Interuniversity Cooperation Center for Water and Health Water and Health

Vienna, Austria

Interuniversity Cooperation Center for Water and Health Water and Health

Vienna, Austria
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Derx J.,Vienna University of Technology | Derx J.,Interuniversity Cooperation Center for Water and Health Water and Health | Schijven J.,National Institute for Public Health and the Environment RIVM | Schijven J.,University Utrecht | And 17 more authors.
Journal of Environmental Quality | Year: 2016

Protection of drinking water resources requires addressing all relevant fecal pollution sources in the considered catchment. A freely available simulation tool, QMRAcatch, was recently developed to simulate concentrations of fecal indicators, a genetic microbial source tracking (MST) marker, and intestinal pathogens in water resources and to conduct a quantitative microbial risk assessment (QMRA). At the same time, QMRAcatch was successfully applied to a region of the Danube River in Austria, focusing on municipal wastewater emissions. Herein, we describe extension of its application to a Danube River floodplain, keeping the focus on fecal sources of human origin. QMRAcatch was calibrated to match measured human-associated MST marker concentrations for a dry year and a wet year. Appropriate performance characteristics of the human-associated MST assay were proven by simulating correct and false-positive marker concentrations, as determined in human and animal feces. With the calibrated tool, simulated and measured enterovirus concentrations in the rivers were compared. Finally, the calibrated tool allowed demonstrating that 4.5 log10 enterovirus and 6.6 log10 norovirus reductions must be achieved to convert current surface water to safe drinking water that complies with a health-based target of 10-4 infections person-1 yr-1. Simulations of the low- and high-pollution scenarios showed that the required viral reductions ranged from 0 to 8 log10. This study has implications for water managers with interests in assessing robust catchment protection measures and water treatment criteria by considering the fate of fecal pollution from its sources to the point of abstraction. © American Society of Agronomy, Crop Science Society of America, and Soil Science Society of America. 5585 Guilford Rd., Madison, WI 53711 USA. All rights reserved.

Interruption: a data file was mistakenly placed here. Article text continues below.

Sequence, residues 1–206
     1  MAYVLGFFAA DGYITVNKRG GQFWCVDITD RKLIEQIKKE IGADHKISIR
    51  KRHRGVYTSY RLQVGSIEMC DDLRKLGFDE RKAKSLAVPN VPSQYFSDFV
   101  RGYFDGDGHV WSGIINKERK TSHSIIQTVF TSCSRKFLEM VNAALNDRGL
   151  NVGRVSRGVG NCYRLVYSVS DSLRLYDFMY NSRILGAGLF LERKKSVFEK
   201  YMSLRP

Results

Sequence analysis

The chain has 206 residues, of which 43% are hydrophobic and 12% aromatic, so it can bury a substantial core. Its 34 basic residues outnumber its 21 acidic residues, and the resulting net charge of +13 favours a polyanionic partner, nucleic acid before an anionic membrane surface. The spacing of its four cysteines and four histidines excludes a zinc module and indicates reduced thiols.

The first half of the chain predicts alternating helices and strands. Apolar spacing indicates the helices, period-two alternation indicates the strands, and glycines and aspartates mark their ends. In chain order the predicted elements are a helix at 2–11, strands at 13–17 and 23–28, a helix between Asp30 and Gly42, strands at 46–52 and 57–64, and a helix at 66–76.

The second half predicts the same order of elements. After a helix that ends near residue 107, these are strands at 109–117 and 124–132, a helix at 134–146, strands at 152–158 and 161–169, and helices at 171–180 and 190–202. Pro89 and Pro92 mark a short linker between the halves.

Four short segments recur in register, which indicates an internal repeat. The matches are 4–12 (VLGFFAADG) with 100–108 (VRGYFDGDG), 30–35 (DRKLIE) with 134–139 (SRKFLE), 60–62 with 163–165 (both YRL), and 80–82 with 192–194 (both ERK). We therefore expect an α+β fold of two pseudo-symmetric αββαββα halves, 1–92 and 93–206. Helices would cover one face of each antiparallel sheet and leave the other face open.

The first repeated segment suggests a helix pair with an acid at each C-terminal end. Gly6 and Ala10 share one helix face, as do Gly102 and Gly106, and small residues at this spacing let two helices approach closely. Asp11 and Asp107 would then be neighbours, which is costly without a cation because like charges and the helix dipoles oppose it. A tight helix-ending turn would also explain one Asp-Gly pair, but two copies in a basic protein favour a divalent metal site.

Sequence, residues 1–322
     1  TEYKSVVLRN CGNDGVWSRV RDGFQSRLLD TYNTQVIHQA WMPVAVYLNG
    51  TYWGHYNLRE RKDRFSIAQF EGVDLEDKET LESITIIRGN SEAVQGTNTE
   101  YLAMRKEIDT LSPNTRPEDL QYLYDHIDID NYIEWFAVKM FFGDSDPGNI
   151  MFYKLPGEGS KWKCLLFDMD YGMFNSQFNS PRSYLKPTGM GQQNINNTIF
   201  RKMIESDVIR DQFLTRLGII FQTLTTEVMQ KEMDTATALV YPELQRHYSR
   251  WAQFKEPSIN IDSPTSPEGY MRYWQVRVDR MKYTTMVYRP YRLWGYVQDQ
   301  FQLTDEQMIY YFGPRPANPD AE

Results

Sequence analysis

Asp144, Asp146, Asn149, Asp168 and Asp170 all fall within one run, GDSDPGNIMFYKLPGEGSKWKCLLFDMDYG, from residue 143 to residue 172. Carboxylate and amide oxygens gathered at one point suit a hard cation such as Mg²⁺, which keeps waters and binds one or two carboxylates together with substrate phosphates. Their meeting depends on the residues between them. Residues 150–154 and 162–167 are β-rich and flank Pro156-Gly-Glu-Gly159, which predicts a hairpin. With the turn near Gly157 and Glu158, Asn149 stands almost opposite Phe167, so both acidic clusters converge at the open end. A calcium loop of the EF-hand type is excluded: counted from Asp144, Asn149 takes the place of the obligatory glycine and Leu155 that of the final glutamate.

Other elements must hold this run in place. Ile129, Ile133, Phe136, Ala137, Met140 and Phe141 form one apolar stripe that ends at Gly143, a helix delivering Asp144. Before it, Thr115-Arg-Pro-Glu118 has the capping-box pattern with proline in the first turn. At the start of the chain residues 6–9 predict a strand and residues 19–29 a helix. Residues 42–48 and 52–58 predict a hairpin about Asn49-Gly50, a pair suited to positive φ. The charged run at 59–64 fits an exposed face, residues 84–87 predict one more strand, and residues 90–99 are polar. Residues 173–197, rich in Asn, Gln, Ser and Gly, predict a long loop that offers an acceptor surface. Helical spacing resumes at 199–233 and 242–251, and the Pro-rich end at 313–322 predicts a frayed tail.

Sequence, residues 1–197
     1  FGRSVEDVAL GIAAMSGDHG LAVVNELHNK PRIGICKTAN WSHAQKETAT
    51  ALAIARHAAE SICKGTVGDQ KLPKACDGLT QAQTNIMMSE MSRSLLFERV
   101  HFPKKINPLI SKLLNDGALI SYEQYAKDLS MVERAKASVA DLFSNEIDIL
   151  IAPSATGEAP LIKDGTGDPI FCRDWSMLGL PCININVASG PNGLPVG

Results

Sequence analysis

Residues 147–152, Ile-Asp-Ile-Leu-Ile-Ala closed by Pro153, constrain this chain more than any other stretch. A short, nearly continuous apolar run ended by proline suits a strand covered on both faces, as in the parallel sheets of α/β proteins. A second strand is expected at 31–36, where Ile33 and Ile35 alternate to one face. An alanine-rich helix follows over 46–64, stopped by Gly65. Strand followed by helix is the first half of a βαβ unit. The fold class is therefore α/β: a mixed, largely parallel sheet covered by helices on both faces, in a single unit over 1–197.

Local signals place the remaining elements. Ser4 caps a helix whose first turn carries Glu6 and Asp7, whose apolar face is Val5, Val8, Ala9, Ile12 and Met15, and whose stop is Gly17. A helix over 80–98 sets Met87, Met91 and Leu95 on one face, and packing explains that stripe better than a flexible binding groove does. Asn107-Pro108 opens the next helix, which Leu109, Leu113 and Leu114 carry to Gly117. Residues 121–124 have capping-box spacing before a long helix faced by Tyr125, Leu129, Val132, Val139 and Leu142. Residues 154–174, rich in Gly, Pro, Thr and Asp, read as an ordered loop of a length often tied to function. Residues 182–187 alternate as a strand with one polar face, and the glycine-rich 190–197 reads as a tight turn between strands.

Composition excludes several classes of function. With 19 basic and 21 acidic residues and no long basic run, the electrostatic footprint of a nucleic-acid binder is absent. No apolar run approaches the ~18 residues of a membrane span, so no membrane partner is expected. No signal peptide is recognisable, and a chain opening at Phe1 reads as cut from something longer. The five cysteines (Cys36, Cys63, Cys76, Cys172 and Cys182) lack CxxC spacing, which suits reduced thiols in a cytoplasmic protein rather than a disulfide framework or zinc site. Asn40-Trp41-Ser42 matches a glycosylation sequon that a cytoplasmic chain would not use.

Schijven J.,National Institute for Public Health and the Environment RIVM | Schijven J.,University Utrecht | Derx J.,Vienna University of Technology | Derx J.,Interuniversity Cooperation Center for Water and Health Water and Health | And 7 more authors.
Journal of Environmental Quality | Year: 2015

Given the complex hydrologic dynamics of water catchments and conflicts between nature protection and public water supply, models may help to understand catchment dynamics and evaluate contamination scenarios and may support best environmental practices and water safety management. A catchment model can be an educative tool for investigating water quality and for communication between parties with different interests in the catchment. This article introduces an interactive computational tool, QMRAcatch, that was developed to simulate concentrations in water resources of Escherichia coli, a humanassociated Bacteroidetes microbial source tracking (MST) marker, enterovirus, norovirus, Campylobacter, and Cryptosporidium as target microorganisms and viruses (TMVs). The model domain encompasses a main river with wastewater discharges and a floodplain with a floodplain river. Diffuse agricultural sources of TMVs that discharge into the main river are not included in this stage of development. The floodplain river is fed by the main river and may flood the plain. Discharged TMVs in the river are subject to dilution and temperature-dependent degradation. River travel times are calculated using the Manning-Gauckler- Strickler formula. Fecal deposits from wildlife, birds, and visitors in the floodplain are resuspended in flood water, runoff to the floodplain river, or infiltrate groundwater. Fecal indicator and MST marker data facilitate calibration. Infection risks from exposure to the pathogenic TMVs by swimming or drinking water consumption are calculated, and the required pathogen removal by treatment to meet a health-based quality target can be determined. Applicability of QMRAcatch is demonstrated by calibrating the tool for a study site at the River Danube near Vienna, Austria, using field TMV data, including a sensitivity analysis and evaluation of the model outcomes. © American Society of Agronomy.

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